If you do a quick search on Google for “financial calendar,” the results are bombarded with references to company financial calendars, Forex calendars, and economic calendars. I’m not talking about those. I’m talking about a very simple financial calendar that can help you remember the things you need to remember when it comes to your personal finance. A personal, financial calendar can help you track your financial commitments and help you plan for the month and years ahead. You can use an actual physical calendar that hangs on your wall or refrigerator, but I suggest you use calendar software that can be seen on your phone and/or computer.
Once you figure out what type of calendar you want to use, here are a few things you want to have on your financial calendar…
Never miss paying a bill again. Well, at least never forget when a bill is due. Whenever you add a new bill to your monthly obligations, or maybe even a one-time bill that is due on a given day, add it to your calendar. For example, you could put a reminder in for tax time in April and plan for completing and paying taxes. If you’re using calendar software, you can set reminders for yourself to remind you in advance or on the day a bill is due. It’s hard to miss paying a bill when your phone is telling you it’s due. Not to mention that it’s on the calendar. So if you check your calendar each day, you’ll know what you need to pay and when you need to pay it.
Set goals for how much money you want to save by a specific time. Let’s say your plan is to save $1200 this year. Well, mark it on your calendar that you need to move $100 over to savings each month. You could do even better than that by automating the transfer of money so it just happens. Then you can just note it on your calendar the day the transfer happens. Each time you review your calendar you are reminded that you’re saving money and moving towards your goals.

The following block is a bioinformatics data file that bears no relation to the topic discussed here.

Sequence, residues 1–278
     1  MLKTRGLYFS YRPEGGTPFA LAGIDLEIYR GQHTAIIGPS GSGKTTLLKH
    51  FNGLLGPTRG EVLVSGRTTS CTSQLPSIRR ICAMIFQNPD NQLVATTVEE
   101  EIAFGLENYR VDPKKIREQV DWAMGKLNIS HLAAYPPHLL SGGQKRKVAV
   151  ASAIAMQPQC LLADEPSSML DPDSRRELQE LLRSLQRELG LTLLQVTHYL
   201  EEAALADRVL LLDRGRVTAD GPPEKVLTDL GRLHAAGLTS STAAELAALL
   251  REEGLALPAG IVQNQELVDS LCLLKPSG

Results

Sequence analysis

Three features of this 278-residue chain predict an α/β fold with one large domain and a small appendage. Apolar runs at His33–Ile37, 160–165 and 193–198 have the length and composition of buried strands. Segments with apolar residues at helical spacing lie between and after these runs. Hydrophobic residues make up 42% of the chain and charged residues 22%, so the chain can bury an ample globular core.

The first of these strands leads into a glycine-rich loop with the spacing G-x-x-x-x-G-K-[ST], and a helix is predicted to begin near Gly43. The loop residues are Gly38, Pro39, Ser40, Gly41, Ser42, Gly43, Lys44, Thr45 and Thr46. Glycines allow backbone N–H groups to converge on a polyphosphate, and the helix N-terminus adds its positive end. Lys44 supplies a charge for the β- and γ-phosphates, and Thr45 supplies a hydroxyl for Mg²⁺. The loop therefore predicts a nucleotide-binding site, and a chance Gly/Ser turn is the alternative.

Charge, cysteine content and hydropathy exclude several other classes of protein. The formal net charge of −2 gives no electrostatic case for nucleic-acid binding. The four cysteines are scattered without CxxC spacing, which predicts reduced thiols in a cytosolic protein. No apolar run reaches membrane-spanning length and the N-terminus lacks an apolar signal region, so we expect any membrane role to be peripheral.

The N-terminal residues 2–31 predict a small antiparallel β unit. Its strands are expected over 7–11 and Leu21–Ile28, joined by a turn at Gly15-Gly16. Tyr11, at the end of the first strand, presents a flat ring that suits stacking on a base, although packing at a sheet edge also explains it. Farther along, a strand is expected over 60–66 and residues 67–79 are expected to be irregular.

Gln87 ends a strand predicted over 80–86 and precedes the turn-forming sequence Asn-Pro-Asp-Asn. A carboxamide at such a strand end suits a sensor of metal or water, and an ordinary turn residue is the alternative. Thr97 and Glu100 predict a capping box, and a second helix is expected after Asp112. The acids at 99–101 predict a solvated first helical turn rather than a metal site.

It’s important to know when you get paid….duh!!! I probably didn’t need to list this one, but it’s good to remember. You want to see the days you get paid so you can plan your financial obligations around what you make and when it shows up in your bank account. For example, if you get paid every two weeks, you may not want all of your bills due at the same time every month. Yes, you can make this work, but you don’t have to. With a financial calendar, you can look at your bill due dates and estimate how much money you need in your account to cover those bills. If it’s too much money at the same time, you can call the company who owns the bill and ask them to change your billing date. Most companies will happily do this as they want their money and want you to be in the best position to give it.
Financial Planning Days
Schedule days on your financial calendar for time to review your finances and financial calendar. That’s right…use your calendar to remind you to keep an eye on your finances. Specify a day every week, or at least every couple weeks to review your finances. Look at what you’ve spent, what you’ve earned, and how much is left. Make sure you’re staying on top of bills and all is well. I review my bills every Saturday. And if I have an obligation that makes me miss Saturday, my financial calendar reminds me.
A financial calendar is important if you want to be successful managing your finances. How can you manage what you don’t track? If you want to be ahead of the game, you have to have a plan. A financial calendar can help you with that planning. There are many advantages to having a financial calendar, some of the most important listed here in this post. Don’t worry about adding something new to track. You’re probably using some kind of calendar today to track events and your week. You can leverage the same calendar as your financial calendar. This keeps it simple.
Take the time today and get your financial calendar started. If you don’t manage your money, your money will end up managing you!!!